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March 19, 2013

New Pope

Roy Meachum

Pope Francis will be officially installed today; in the church’s calendar, St. Joseph’s Day. In New Orleans, in the middle of Lent, St. Patrick’s joins this as a “feast” day when all cares and pledges can be forgotten.


At a Saturday press conference, the Argentina-born pontiff proclaimed he would create a new image for his Roman Catholic Church. To do so, he must create a revolution, turning a body widely known for its conservative policies, except for John XXIII’s years at St. Peters. Angelo Roncalli was elected in 1958 and died in the middle of his summoned Vatican II, in 1963 – the year of the assassination of the first Catholic U.S. president, John F. Kennedy.


Blame Pius IX for the church’s conservative bias. When he became pope in 1846, Cardinal Giovanni Maria Mastai-Ferreti was known as a liberal of his time. The widespread European movement known as the 1848 revolutions happened; he was a willing participant and indeed a leader, after all; the mid-19th century changes started in his Italy.


He leaned right shortly after, perhaps out of fear that the pope would lose the Papal States and with them his temporal powers. When the Risorgimento occurred and Italy was united – the first time since the Roman Empire – Pius IX retreated behind the walls of the Vatican. He summoned a conclave; the only thing can be remembered, the church fathers forged the doctrine of papal infallibility when speaking on faith and morals. And then lifted their cassocks’ skirts when Camillo Cavour and Giuseppi Garibaldi entered the city.


Pope Francis approached his new responsibilities and authority with abject humility, according to reports. Troublingly, his past is related to the time when Argentina was taken over by military putsch. More than 30,000 citizens “disappeared,” including children; some of the boys and girls “reappeared,” adopted by officials. Their parents were supposedly leftist; not along the lines of “Che” Guevara who was a high-born Argentine but still they were known liberals.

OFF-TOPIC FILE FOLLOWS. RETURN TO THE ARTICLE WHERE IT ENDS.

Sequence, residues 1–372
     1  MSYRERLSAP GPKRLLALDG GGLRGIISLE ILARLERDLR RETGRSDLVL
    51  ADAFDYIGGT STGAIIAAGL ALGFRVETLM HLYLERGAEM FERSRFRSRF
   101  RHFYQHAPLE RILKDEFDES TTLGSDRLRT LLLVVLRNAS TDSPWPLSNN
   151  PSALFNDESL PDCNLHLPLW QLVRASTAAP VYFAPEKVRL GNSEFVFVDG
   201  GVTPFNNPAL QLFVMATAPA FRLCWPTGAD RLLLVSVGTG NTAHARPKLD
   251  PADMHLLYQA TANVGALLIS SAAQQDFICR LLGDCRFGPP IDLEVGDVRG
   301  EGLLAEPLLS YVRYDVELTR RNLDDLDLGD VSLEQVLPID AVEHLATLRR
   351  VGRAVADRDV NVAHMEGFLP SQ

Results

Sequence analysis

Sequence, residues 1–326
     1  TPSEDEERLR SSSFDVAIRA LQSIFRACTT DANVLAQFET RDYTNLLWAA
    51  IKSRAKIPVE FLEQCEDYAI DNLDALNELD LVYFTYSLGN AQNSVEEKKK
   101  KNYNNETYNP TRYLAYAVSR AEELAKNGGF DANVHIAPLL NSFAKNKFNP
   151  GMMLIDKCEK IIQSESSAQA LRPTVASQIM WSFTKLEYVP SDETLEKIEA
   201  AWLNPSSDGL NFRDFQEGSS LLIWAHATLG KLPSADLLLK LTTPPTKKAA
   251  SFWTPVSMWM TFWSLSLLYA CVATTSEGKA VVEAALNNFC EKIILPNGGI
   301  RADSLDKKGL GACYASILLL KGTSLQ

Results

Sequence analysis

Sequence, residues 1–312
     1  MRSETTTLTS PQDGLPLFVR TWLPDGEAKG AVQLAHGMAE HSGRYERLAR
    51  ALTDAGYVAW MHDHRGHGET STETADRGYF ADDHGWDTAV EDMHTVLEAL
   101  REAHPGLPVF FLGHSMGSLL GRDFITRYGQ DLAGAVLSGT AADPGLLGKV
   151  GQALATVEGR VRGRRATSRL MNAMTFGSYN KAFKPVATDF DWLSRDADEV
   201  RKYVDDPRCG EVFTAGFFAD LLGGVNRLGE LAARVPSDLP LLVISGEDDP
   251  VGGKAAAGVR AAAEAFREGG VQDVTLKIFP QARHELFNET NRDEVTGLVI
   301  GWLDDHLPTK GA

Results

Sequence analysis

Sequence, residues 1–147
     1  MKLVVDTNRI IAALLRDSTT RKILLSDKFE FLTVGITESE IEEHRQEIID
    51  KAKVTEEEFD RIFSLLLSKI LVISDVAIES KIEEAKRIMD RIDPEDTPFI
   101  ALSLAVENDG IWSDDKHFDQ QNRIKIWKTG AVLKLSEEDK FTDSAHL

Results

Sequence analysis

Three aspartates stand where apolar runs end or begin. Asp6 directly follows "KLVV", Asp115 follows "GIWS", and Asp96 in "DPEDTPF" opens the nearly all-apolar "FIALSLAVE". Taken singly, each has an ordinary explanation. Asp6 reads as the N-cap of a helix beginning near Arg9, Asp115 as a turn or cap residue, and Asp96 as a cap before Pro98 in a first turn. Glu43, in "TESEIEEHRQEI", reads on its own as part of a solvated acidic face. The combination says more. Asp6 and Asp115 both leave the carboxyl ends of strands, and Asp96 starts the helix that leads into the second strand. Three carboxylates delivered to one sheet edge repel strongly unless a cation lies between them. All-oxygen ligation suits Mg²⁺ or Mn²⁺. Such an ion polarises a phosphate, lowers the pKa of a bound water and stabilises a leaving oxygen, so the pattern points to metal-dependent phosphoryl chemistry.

Since the white smoke appeared out of the Sistine Chapel, the Vatican has worked very hard to erase the pope’s South American connections to a scandal approaching the European Holocaust. On a daily basis; sometimes hourly. Because of the church’s recent history.


Yet as millions of ex-Catholics – including me – understand, a new pope should be judged on an individual basis. But since Pius IX, we are all skeptical. As a journalist, I’ve known men, a few women, whose lives had been ruined. I wrote first about the Vatican when it was reined over by Paul VI; during his era, priests and nuns could be “defrocked” on a simple petition. That was temporary. Above my desk is a charcoal portrait of Italian John Paul I, known as the smiling pope; he lasted only 33 days.


John Paul II was chosen pope on the full knowledge he was from the church militant, but that was when the Cold War blasted most frigidly: Hungarian Cardinal Jozsef Mindszenty was still locked up in Budapest’s American Embassy. Having survived fascism, the Vatican was jittery facing communism. The Polish prelate anointed Cardinal Josef Aloisius Ratzinger and put him in charge of what was known as the Holy Office of Inquisitions. The German curial official, known better today as Benedict XVI, created the Roman Catholic Church in his own image.


We can all wish Pope Francis success in his reign and very good luck. If he’s serious about reshaping the image, he’s going to need our best wishes. Meanwhile, church attendance is shrinking all over the Western world. My Episcopal congregation is not alone, as a fellow Grace parishioner and I discussed Sunday.


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